Weathermob by Weathermob, Inc icon

Weathermob (Free) by Weathermob, Inc is a social take on weather forecasts.

Let’s admit it, weather is arguably one of the most common forms of “small talk.” Everyone has something to say about the weather, right? It’s hard to find someone that really doesn’t care about weather, whether they like it or not. Weathermob takes this idea of weather small talk to an entirely new level, and it’s actually a delight to use.

Before you can begin using Weathermob, you will have to create an account. For those that hate apps that require Facebook or Twitter to create an account, good news! – there’s none of that here. Your Weathermob account will be kept completely separate. Once you register (and become a weatherman or weatherwoman), then the fun begins.

Weathermob by Weathermob, Inc screenshot

The app has five tabs along the bottom that will give you a different view: Home, Forecast, Latest, Following, and You. At the top, there will always be two buttons: Location and +Report.

From the Home view, the app will pull in data about your current location, or you can manually select a place from the location option. Regardless of your choice, Weathermob will give the location a cutesy name (Willowville, for example, as I am at a Starbucks on Willow Street in Long Beach), and display the current temperature. In addition to the temperature, you will get information like the current condition (overcast) and an overall “mood” of the area. The mood data comes from the moods that other users of Weathermob have selected when adding a new weather report.

The Forecast tab will allow you to view a weekly (left) and hourly (right) forecast for the currently selected location. The way that Weathermob presents this data is beautiful and elegant. Each forecast is in its own pane, and weather is represented with beautiful icons and graphics. The app also displays the percent chance that the area will have precipitation, which is nice and always good to know. I am also in love with the typography that is used throughout the app.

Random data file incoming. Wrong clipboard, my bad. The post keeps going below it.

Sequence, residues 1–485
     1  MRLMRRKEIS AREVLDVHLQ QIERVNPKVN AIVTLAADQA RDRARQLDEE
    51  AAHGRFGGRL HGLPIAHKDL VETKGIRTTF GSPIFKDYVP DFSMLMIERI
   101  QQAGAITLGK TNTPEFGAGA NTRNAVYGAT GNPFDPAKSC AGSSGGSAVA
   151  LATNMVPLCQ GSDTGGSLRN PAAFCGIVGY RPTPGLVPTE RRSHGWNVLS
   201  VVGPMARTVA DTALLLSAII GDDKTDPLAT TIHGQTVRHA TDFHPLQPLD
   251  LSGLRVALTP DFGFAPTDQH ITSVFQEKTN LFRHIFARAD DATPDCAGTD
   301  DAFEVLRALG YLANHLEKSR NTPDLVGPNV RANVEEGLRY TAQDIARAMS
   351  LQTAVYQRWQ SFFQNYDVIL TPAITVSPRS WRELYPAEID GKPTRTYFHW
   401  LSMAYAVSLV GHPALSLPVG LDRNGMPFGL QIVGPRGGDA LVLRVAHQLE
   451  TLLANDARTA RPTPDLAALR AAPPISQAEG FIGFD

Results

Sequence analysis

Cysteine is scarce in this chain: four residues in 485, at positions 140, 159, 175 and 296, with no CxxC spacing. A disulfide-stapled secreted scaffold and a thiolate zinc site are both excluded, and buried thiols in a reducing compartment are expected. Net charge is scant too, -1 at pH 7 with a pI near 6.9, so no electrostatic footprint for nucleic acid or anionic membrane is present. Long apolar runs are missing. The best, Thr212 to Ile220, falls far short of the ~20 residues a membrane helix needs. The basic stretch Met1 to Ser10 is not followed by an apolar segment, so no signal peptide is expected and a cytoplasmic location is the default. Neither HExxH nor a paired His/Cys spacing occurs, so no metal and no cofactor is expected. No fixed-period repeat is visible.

When you want to add your own “weather report,” just tap on the +Report button. From here, there are three sections for you to fill out, with a spinning wheel of options to choose from. You have to fill out the current weather conditions (sunnyish, cloudy, foggy, overcast, etc), how the weather makes you feel, and what’s good in the weather (coffee, burger, beer, ice cream, soup, a bath, etc). There are some random icons in the last option though, which gave me a good laugh. Examples include a skull, seagull, and a sheep.

In addition to these three fields, you can add your own words describing the weather (or whatever you want), a video, or just a photo. When you are done filling in these bits of information, just send the report and it gets uploaded to Weathermob’s servers. It can also be posted on Facebook or Twitter.

The Latest tab allows you to view the weather reports of other users from all over the world. You will see the location of the report, the icon representing the weather, their mood, and what the weather is good for. If the user added their own words, video, or photo, you will see it in the stream.

Of course, what’s the social aspect good for if you can’t talk to others? Weathermob does allow you to leave comments for other users, “like” it, and even follow the user. If something is inappropriate, you can also flag the report for review (under the “More” button).

Weathermob by Weathermob, Inc screenshot

The Following view allows you to see the activity of users that you are following. Of course, this won’t be very busy if you aren’t following a lot of people. The You tab shows your Weathermob profile, with your number of reports, followers/following counts, and where your recent reports were sent from. The option to add friends is here, and you can find Twitter/Facebook friends, Weathermob users, and invite people.

Within the app settings, accessible through the You tab, users will have several options. You can edit account details, your profile image, social network accounts (Facebook/Twitter), and choose your units (temperature, times, distance).

I found Weathermob to be a fun and nifty weather app. The forecast is pretty accurate, when compared to other weather apps. The social aspect is not forced on you besides the initial account sign up, but you can use the app solely for getting information in a beautiful way. In a way, it’s kind of like an Instagram for weather.

As Weathermob is a free download, I’d highly recommend picking it up and giving it a try.